Nilanjana Dasgupta

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Nilanjana 'Buju' Dasgupta
Alma materSmith College
Yale University
AwardsApplication of Personality and Social Psychology Award from the Society for Personality and Social Psychology
Chancellor's medal from the University of Massachusetts, Amherst
Scientific career
Fieldssocial psychology
ThesisPigments of the imagination : the role of perceived skin color in stereotype maintenance and exacerbation (1998)
WebsiteResearch website

Nilanjana Dasgupta is a social psychologist whose work focuses on the effects of social contexts on implicit stereotypes - particularly on factors that insulate women in STEM fields from harmful stereotypes which suggest that females perform poorly in such areas. Dasgupta is a Professor of Psychology and is the Director of the Institute of Diversity Sciences and the University of Massachusetts, Amherst.[1]

Education and career[edit]

Prior to joining the Psychology faculty at the University of Massachusetts in 2003,[2] Dasgupta (b. 1969) received an A.B. from Smith College in 1992 in Psychology with a minor in Neuroscience.[2] In 1998, she received a PhD in Psychology from Yale University.[2] Dasgupta then became a postdoctoral fellow at the University of Washington, Seattle and, afterward, an Assistant Professor at the New School for Social Research from 1999-2002.[2]

At the University of Massachusetts Amherst, Dasgupta has served in several leadership roles and earned awards for her service to the university. In 2005-2006 Dasgupta was A Lilly Teaching fellow[3] and 2006-7 she was a Family Research Scholar[4] at UMass Amherst. From 2014-2020 she served as the Director of Faculty Equity and Inclusion in the College of Natural Sciences at the University of Massachusetts, Amherst.[5] Dasgupta is co-PI of an NSF Advance program that seeks to transforms the campus by cultivating faculty equity, inclusion and success at the University of Massachusetts Amherst.[6] In 2019 Dasgupta was recognized by the College of Natural Sciences at UMass Amherst for Excellence in Diversity & Inclusion.[7]

Dasgupta has held several leadership positions in national and international professional societies. She is serving on the National Science Foundation's Advisory Committee for Social, Behavioral, and Economic Sciences (2015–17).[8] She is an elected member of the executive committee of the Society of Experimental Social Psychology, and was elected to be President of the society in 2017.[9] Dr. Dasgupta serves on the Training Committee of the Society for Personality and Social Psychology,[10] and on the steering committee of the International Social Cognition Network.[11] Dasgupta was an elected member of the council of the Society for the Psychological Study of Social Issues (2012–14).[12]

Research[edit]

Dasgupta proposed the Stereotype Inoculation Model [13] which explains how, for women in STEM fields, experts [14] and peers [15][16][17] from one's own group in a working or learning environment can help individuals become more successful despite the pervasiveness of stereotypes casting doubt upon their ability.[18][19]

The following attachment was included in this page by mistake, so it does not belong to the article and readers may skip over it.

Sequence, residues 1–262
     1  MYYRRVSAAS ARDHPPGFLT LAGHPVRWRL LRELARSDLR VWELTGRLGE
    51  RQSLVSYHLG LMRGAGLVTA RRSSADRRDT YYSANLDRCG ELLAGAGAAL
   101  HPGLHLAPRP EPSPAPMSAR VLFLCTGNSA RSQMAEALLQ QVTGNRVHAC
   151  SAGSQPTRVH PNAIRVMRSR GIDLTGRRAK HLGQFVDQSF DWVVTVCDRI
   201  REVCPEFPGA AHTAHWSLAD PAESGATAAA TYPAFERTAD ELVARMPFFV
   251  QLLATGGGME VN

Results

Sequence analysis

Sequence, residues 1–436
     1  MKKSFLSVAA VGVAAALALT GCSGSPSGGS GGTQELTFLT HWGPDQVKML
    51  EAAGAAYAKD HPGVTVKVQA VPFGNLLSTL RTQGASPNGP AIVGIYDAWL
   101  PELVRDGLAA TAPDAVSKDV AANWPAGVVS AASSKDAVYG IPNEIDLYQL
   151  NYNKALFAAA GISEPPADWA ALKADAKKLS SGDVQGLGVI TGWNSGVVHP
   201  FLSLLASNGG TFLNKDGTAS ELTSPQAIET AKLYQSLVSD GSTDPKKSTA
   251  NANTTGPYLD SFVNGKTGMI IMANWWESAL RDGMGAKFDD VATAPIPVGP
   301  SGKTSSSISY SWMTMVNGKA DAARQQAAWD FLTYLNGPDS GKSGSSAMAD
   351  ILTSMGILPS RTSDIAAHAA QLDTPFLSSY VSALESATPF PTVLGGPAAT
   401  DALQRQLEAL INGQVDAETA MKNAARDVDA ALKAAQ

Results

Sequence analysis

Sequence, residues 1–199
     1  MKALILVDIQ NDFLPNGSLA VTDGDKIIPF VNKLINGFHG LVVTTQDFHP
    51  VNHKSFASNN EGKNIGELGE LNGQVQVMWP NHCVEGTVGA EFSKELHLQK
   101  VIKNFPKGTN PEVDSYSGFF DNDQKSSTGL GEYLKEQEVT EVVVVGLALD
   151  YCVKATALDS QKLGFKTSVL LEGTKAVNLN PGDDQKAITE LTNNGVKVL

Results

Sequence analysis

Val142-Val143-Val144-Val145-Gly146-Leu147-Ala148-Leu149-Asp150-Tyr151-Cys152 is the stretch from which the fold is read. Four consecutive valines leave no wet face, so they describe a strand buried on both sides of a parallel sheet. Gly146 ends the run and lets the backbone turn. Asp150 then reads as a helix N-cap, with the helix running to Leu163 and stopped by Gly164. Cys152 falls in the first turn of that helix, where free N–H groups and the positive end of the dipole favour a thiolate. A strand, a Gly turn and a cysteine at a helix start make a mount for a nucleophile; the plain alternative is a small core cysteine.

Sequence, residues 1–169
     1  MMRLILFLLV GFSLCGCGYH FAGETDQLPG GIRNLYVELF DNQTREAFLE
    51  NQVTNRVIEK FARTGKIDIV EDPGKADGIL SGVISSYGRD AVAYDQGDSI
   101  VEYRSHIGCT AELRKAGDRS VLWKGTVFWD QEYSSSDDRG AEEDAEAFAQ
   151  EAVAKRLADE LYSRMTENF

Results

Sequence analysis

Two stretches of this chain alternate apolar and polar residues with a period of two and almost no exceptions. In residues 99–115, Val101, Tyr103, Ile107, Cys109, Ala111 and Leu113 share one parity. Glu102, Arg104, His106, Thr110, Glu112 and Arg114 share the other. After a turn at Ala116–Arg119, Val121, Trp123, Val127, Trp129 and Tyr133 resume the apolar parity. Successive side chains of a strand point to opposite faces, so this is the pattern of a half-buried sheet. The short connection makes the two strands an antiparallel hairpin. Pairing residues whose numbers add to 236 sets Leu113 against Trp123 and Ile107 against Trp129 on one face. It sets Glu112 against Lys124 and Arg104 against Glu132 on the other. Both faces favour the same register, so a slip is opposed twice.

Dasgupta has also conducted research on situational influences on unconscious stereotyping and prejudice. One project, a collaboration with David Desteno, indicates that anger, but not sadness tends to increase bias against people in different social groups than their own [20][21][22] and that feeling a specific emotion can make people more biased against groups whose stereotypes are associated with that emotion.[23] Dasgupta and her colleagues have also found that being exposed to counterstereotypic [24] or well-liked [25] members of groups like African-Americans or women can reduce unconscious bias against those groups on the Implicit Association Task. She theorized that four things influence stereotypes and prejudice, and should be taken into account when trying to change implicit biases: 1) self- and social-motives, 2) specific strategies, 3) the perceiver's focus of attention, and 4) configuration of stimulus cues.

Awards and honors[edit]

In 2009 Dasgupta was elected to the fellowships of both the Association for Psychological Science. and the Society of Experimental Social Psychology. In 2011, Dasgupta and her collaborators received a Smashing Bias Research Prize awarded by the Mitchell Kapor Foundation and Level Playing Field Institute[26] She also received the Morton Deutsch Award from the International Society for Justice Research.[27] In 2016 Dasgupta received the Application of Personality and Social Psychology Award from the Society for Personality and Social Psychology.[28] In 2017 Dasgupta received Chancellor’s Award for Outstanding Accomplishments in Research & Creative Activity; this is the highest recognition bestowed to faculty by the University of Massachusetts Amherst.[29] As part of that award she delivered a Distinguished Faculty Lecture on “STEMing the Tide: How Female Professors and Peers Can Encourage Young Women in Science, Technology, Engineering and Mathematics".[29]